Addressing ‘India Med Tech e-Summit 2020’ — the 11th Episode of HEAL-Thy Samvaad, Abhinav Thakur, Managing Director, Accurex Biomedical said, “The Public Procurement Order (PPO) is supporting the Indian medical devices manufacturers. However, the custom duties should also be reviewed. Big parity issue is there with a lot of momentum going on. Public procurement orders is also one of the drivers. We need to have certification mechanism in place. We are getting low quality equipment in the market. Therefore, we need to improve our brands. It is all about building a brand.”

Shantanu Pathak, co-Founder, CareNx Innovations, “For innovation, we need to work with medical and engineering colleges very closely. Collaboration between the industry and the academic is going to play a huge role. Very few Indian companies have been manufacturing medical devices. But to become Atmanirbhar Bharat, we need to accelerate the entire processes by inviting more and more young students and the professionals to contribute. India as a country has done a great job towards optimising production. We need to have a good infrastructure to get all the thing in place. If you are bringing known product then it is easy. Clinical journey is difficult, but we have to do it.”

SESSION-2 : Medical Technology: Trends & Opportunities

Moderator Amit Mohan, COO, LCS Digital & Inside Sales, GE Healthcare, South Asia, while moderating the sesond session of India Med Tech e-Summit 2020, said, “There is an intense need for medical technology as well as medical devices to ease healthcare delivery. Especially, during the COVID-19 pandemic, medical technology and medical devices have been the key components and also played a pivotal role in tackling it. The medical technology needs to be redefined from a global perspective keeping in view the local accessibility and demand. Digital technology has the potential to unleash the problems of medical technology and a great help in bringing innovation. Clouds, e-Hospitals, AI Machine Learning and Telemedicine are some of the living examples of digital technology in healthcare delivery.”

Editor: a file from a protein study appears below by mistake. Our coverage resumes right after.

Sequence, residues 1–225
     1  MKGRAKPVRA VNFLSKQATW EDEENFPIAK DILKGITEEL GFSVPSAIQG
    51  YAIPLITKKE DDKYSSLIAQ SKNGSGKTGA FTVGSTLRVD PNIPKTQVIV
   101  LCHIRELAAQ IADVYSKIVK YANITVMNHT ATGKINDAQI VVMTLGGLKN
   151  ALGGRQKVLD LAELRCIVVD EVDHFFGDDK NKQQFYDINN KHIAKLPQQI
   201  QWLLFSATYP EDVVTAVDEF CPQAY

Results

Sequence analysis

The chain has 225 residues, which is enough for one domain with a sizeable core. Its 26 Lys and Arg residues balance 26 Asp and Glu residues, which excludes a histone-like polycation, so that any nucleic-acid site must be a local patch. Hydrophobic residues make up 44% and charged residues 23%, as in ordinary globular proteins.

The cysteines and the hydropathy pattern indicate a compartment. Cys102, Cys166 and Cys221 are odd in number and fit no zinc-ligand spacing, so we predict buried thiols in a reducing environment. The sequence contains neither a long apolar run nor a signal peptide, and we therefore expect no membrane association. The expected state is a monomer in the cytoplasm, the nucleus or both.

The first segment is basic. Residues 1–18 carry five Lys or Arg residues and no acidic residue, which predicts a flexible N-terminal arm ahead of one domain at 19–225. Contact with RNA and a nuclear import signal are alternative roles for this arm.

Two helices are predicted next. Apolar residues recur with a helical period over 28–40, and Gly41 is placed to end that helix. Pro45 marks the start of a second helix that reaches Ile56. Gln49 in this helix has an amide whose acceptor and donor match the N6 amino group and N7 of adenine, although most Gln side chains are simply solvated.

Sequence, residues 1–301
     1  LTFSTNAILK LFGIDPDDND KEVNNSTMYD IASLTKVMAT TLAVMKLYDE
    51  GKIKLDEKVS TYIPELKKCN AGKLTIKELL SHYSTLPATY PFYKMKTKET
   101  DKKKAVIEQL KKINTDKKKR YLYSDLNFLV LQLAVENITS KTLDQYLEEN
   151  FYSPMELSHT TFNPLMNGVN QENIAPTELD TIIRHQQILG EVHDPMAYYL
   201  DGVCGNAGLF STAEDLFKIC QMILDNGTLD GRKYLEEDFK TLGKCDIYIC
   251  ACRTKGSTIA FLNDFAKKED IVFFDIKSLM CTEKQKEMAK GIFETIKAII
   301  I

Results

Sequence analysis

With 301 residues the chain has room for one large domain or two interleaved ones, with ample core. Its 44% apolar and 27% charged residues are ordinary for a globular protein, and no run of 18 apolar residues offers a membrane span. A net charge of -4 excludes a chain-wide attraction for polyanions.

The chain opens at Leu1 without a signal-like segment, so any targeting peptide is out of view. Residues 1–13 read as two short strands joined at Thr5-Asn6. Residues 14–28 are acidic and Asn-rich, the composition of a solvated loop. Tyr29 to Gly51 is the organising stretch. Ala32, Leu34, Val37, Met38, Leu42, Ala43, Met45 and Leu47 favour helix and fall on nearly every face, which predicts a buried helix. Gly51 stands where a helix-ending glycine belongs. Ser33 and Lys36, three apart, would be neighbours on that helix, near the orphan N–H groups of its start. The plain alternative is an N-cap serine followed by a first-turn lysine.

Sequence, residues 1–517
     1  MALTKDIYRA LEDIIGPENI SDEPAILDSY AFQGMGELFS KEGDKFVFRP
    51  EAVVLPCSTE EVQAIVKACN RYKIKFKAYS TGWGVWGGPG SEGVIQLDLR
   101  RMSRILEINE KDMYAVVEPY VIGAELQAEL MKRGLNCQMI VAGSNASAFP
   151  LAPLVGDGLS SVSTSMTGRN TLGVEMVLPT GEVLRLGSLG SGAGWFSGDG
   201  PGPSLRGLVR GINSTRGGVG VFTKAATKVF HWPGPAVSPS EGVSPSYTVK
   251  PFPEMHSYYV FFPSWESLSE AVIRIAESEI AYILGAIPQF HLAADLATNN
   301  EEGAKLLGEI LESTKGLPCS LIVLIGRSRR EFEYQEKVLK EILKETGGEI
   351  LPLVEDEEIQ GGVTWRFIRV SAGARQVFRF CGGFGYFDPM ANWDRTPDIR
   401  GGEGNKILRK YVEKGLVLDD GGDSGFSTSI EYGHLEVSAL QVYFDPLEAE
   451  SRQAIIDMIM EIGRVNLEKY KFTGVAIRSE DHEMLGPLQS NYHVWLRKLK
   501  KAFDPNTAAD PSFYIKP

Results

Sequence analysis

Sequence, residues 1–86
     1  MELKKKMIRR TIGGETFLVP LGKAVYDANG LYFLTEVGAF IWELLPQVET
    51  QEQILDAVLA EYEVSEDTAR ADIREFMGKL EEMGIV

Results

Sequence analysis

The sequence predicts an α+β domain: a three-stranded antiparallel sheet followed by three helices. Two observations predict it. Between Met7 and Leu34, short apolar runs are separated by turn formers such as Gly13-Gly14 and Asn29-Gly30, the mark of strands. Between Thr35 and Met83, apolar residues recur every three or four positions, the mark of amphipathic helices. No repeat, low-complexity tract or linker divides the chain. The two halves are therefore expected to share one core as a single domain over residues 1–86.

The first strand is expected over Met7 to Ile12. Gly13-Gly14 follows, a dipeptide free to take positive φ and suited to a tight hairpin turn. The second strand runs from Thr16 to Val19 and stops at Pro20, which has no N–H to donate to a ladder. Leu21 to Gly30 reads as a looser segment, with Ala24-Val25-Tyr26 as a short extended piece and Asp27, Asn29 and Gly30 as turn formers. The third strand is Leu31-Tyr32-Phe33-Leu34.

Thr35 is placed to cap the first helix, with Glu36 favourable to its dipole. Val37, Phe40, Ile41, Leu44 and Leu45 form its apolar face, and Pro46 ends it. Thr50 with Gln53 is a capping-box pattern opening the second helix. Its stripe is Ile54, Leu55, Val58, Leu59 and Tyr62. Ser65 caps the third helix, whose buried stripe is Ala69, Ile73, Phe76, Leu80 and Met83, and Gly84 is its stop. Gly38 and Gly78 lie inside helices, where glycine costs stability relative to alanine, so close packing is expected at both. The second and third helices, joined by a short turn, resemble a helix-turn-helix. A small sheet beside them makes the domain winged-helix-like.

Dr Nilesh Shah, President and Chief of Science & Innovation, Metropolis Healthcare, said, “The pandemic has brought in so many difficulties for us and we faced lots of challenges. Many times we did fail to meet the demand for testing. There were lots of regulatory challenges. One of the biggest challenges was the shortage of staff. Logistics were unavailable, the problem in data management was also there. For meeting the current demands and future requirements, we need to have small to medium innovations. Collection of samples is the big challenge now. But, recently, USFDA has just approved wherein a patient can do testing at home. This is a sigh of relief for the patients.”

Dr Taslim Arif Saiyed, CEO & Director, The Centre for Cellular & Molecular Platforms (C-CAMP) spoke on the current state of technology and infrastructure in India and said, “As far as the current technology and infrastructure in India is concerned, we need to scale it up and support it. We are largely involved in innovation and it is absolutely mindboggling to see there is innovation in medical technology. In COVID pandemic, we have learnt how to bring innovation. We have done a fantastic job in leveraging medical technology, however, more innovations are required wherein young talented innovators are there to placate the demands. Our diagnostic capabilities have increased. This capacity building will help us in the future and we will do well. We are moving up in the value chain and doing things right. We need to scale up the opportunity and bring high quality of products.”

Thomas John, Managing Director, Agappe Diagnostics, spoke on leveraging Indian infrastructure to meet the current demand, challenges and future requirements, and commented, “Foremost, to improve medical technologies, we need to focus on Research & Development followed by essential infrastructure. India has huge potential – both in terms of work force as well as technical expertise, but what we need to improve the current demand is the enhancements of infrastructure. In rural India, almost 35-40 thousand industries are there; if they are enriched with modern infrastructure, it would be quite helpful in increasing the production and bridging the gap of demand and supply.”